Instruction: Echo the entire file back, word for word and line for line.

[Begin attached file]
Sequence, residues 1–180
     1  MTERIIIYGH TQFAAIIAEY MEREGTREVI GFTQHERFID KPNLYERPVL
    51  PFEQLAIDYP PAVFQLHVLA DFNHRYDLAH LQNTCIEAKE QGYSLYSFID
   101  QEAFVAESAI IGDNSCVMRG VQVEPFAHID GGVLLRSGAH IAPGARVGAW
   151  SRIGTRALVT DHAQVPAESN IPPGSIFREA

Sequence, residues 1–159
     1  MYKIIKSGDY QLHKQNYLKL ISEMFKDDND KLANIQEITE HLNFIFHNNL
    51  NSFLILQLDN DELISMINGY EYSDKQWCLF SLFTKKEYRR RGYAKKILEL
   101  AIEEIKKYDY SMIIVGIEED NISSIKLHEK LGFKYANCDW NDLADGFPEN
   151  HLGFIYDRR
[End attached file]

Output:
Sequence, residues 1–180
     1  MTERIIIYGH TQFAAIIAEY MEREGTREVI GFTQHERFID KPNLYERPVL
    51  PFEQLAIDYP PAVFQLHVLA DFNHRYDLAH LQNTCIEAKE QGYSLYSFID
   101  QEAFVAESAI IGDNSCVMRG VQVEPFAHID GGVLLRSGAH IAPGARVGAW
   151  SRIGTRALVT DHAQVPAESN IPPGSIFREA

Sequence, residues 1–159
     1  MYKIIKSGDY QLHKQNYLKL ISEMFKDDND KLANIQEITE HLNFIFHNNL
    51  NSFLILQLDN DELISMINGY EYSDKQWCLF SLFTKKEYRR RGYAKKILEL
   101  AIEEIKKYDY SMIIVGIEED NISSIKLHEK LGFKYANCDW NDLADGFPEN
   151  HLGFIYDRR